Arkansas is one of just two states with laws against fatigued driving
Research shows that driving while fatigued is linked to thousands of fatalities every year. However, taking action to address those accidents is an ongoing issue.
In 2013, Arkansas became just the second state to pass a law cracking down on drowsy driving. Arkansas' law allows the state to charge a motorist involved in a fatal crash with "negligent homicide" if the driver had gone 24 hours without sleep prior to the collision, or had fallen asleep at the wheel after staying awake for 24 hours.
That length of time is significant because of the degree of impairment it imposes on drivers. According to research conducted by the National Institutes of Health, going without sleep for a full 24 hours is equivalent to having a blood alcohol content (BAC) of 0.08 - the legal limit to be charged with drunk driving in Arkansas and nationwide.
Commercial truck drivers are subject to significantly stricter regulations, including mandatory rest breaks that both drivers and trucking companies are required to document. However, enforcing drowsy driving laws on private motorists is difficult at best because the burden of proof is on the police officer to show that the driver stayed awake for 24 hours.
New Jersey, which has had a law similar to Arkansas' on the books since 2003, has only prosecuted a handful of cases against drowsy drivers who caused fatalities - most notably in the 2014 crash that injured comedian Tracy Morgan and killed fellow comedian James McNair.
Expanded laws proposed to address drowsy driving crashes
With only two states presently taking legal steps to crack down on drowsy drivers, some advocates favor expanding those laws. For instance, the National Sleep Foundation advocates changing the current standard of 24 hours of wakefulness to a new "two-hour standard;" that is, any driver who has slept two hours or less in the preceding 24 hours would be considered dangerously drowsy and unfit to drive.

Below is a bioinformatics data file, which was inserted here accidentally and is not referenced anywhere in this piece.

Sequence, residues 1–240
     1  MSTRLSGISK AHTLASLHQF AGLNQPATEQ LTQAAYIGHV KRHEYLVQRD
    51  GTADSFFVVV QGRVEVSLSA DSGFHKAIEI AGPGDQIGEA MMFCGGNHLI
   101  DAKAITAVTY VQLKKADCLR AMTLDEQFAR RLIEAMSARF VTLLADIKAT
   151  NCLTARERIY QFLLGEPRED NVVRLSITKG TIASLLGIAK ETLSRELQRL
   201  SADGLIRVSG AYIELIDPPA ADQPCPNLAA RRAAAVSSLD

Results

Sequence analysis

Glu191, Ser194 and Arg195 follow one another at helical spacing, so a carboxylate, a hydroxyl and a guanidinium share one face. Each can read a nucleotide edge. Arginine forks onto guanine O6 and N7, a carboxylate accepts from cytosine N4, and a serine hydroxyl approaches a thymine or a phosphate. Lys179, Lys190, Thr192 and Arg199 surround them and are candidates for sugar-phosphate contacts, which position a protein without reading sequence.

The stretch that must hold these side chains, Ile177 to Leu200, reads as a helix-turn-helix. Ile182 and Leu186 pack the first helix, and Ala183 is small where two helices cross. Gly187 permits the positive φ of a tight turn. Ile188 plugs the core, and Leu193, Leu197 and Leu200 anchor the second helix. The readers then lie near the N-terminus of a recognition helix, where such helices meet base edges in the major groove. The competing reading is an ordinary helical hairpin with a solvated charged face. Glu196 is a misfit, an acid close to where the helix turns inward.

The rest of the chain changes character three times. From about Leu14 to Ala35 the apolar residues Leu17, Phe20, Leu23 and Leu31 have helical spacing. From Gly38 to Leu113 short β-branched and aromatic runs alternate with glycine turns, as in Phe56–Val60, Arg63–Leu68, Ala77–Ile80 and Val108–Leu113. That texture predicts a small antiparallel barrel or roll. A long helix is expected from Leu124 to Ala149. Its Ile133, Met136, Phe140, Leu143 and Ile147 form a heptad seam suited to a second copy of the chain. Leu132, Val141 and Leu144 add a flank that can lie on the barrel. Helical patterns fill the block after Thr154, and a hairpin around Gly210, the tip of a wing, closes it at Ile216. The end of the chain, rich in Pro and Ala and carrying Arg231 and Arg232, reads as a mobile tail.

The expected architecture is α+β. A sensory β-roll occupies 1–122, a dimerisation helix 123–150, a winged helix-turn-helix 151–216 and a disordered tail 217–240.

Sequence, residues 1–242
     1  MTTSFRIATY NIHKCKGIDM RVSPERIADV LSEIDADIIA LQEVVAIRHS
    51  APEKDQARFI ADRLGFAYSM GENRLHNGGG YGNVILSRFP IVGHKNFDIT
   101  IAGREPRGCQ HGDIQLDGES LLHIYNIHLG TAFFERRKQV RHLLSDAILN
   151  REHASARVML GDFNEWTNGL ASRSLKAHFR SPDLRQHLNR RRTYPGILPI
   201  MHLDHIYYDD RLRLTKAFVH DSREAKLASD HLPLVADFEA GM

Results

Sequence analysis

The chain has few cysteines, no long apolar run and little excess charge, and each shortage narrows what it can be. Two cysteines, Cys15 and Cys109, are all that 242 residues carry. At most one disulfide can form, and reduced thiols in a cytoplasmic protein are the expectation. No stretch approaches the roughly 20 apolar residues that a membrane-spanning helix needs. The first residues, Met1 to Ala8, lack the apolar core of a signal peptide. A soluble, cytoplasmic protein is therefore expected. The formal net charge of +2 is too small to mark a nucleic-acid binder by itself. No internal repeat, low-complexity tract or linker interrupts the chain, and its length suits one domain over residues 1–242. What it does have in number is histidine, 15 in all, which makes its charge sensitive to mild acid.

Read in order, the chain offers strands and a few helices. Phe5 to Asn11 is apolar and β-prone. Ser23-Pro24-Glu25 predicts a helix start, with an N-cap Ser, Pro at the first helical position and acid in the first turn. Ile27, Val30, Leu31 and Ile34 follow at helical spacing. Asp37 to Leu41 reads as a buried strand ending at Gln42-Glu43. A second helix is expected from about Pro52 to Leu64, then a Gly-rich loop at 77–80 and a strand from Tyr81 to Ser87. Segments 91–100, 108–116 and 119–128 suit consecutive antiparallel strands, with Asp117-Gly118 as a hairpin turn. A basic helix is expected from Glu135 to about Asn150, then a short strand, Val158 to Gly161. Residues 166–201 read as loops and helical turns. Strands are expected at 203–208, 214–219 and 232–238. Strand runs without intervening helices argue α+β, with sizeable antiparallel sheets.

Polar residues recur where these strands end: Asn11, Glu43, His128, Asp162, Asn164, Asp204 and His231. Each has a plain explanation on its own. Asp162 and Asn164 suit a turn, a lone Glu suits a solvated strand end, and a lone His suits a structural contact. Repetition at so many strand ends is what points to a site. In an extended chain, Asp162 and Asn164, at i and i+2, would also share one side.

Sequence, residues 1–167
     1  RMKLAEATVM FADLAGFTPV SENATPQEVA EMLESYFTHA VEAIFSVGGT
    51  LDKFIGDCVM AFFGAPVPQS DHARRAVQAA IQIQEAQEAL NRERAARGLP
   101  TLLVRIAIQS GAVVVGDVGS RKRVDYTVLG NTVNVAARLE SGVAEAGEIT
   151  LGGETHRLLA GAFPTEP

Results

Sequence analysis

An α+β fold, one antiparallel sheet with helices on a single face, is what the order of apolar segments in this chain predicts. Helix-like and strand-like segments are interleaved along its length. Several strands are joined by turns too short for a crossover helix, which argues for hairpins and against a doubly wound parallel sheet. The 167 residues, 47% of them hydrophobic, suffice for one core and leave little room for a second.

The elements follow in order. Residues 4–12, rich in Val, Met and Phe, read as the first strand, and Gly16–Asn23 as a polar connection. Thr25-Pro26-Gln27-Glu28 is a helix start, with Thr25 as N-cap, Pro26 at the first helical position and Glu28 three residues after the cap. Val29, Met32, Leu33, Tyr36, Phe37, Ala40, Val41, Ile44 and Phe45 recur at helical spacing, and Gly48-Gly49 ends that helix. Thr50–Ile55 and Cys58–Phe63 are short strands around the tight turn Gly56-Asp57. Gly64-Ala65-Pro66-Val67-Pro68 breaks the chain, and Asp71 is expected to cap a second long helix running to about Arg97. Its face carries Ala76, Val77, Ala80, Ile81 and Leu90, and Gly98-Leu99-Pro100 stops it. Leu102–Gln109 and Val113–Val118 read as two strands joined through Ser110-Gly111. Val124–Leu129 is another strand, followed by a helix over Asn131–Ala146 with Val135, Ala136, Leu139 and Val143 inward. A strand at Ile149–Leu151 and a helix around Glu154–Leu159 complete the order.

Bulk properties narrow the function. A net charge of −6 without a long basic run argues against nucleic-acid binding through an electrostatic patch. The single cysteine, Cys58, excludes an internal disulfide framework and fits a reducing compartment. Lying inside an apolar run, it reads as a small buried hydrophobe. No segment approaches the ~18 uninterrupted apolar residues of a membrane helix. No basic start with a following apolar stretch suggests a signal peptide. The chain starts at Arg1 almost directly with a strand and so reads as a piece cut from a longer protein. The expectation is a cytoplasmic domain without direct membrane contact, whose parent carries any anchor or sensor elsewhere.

Others point out that legislation is a tricky process at best. In addition to the enforcement issue, there are labor issues to consider; many people who drive while fatigued work multiple jobs or night shifts. Sleep disorders such as chronic insomnia also play a role, and it's unclear whether people with medical conditions should be held to the same standard as people who knowingly stay awake.
However, advocates for tougher laws against drowsy driving point out that a new law can elevate an issue in the public consciousness. States with bans on texting and driving, for instance, tend to see a decrease in traffic fatalities across the board, even though the number of actual tickets issued for texting and driving is quite low. If more states follow the lead set by Arkansas and New Jersey, motorists may similarly make safer choices about getting behind the wheel when they are too tired to drive.
Even though drowsy driving is only a crime under Arkansas law if it leads to a fatality, driving while tired can constitute a form of negligence in civil cases arising from non-fatal as well as fatal auto accidents. If you've been hurt by a fatigued or asleep-at-the-wheel driver, you'll need a dedicated attorney from our firm to investigate the accident and hold the negligent driver accountable.